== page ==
By its very name, the Pole of Inaccessibility sounds like a tricky place to reach, yet 28 volunteers will have the chance to visit a spot where no human has gone before.
Also known as the Arctic Pole, the spot marks the geographical centre of the Arctic Ocean. It is more than 600 miles from land in every direction, and littered with treacherous sea ice and polar bears. No explorer has yet reached the poi nt, more than 400 miles from the North Pole, and even the explorer Sir Ernest Shackleton was frustrated in his attempts to launch an expedition to one of the last places on Earth not yet conquered by man.
Jim McNeill, a veteran polar explorer, had to abort a solo attempt to reach the Arctic Pole in 2006 - his second attempt to reach the spot - but is now calling for 28 volunteers to join him on ajourney to the remote point. They will use a qajaq, a cross between a sledge and a canoe, to help them navigate the shifting ice sheets and freezing ocean. "This is the last significant place, arguably on Earth and certainly in the polar regions, that humans have never reached," he said. "Even to get an aircraft there takes 18 different flights from Resolute Bay, 1,100 miles away."
There are rumours that explorers have reached the point before. Sir Wally Herbert reportedly travelled via the Pole of Inaccessibjlity by dog sled in 1968, and a Soviet icebreaker is said to have reached the point 10 years earlier. Mr McNeill said that more accurate technology had showed that the Arctic Pole was 200km (124 miles) away from the best estimates in the 1950s and 1960s, and added: "Sir Wally was trying to make it, but never could as the ice was taking him backwards, and I've found no evidence of a Soviet ship having made it. Shackleton, in the year he died, was working on getting there, but the Canadian government didn't come up with the finances in time, so he went south and perished."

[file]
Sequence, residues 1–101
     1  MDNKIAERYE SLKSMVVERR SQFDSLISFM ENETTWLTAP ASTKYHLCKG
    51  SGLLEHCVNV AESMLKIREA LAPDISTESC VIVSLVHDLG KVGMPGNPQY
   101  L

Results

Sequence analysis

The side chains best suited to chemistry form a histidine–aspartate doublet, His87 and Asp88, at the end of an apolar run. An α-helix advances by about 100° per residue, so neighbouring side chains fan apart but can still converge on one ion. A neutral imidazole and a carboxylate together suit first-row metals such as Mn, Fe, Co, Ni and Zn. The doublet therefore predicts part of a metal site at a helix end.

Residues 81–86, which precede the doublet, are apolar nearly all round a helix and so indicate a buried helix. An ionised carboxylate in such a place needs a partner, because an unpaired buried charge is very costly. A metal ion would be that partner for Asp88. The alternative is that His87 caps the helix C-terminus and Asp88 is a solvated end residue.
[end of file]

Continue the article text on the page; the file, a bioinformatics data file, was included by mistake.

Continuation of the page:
The expedition will have four teams ofsevenjourn yingfor20daysand setting out from Arctic Canada. There can be no permanent physical structure at the Arctic Pole due to the moving ice. The selection of volunteers starts next month, with training in the autumn and new year. There were more than 30 inquiries in the first few hours.
The Ice Warrior Challenge hopes to set out in mid-February 2015, in a brief spell of spring conditions that will provide both daylight and solid sea ice. On his last expedition, Mr McNeill fell through the ice 170 nautical miles from land and lay on an ice floe for three days before he was able to call for help. Andrea Shackleton, Sir Ernest's granddaughter, is a patron of the new expedition. She told The independent: "You can't think what it is like to tread where no man has gone before."
Caption: An earlier expedition by Jim McNeill, above right, to get to "the last significant place that humans have never reached"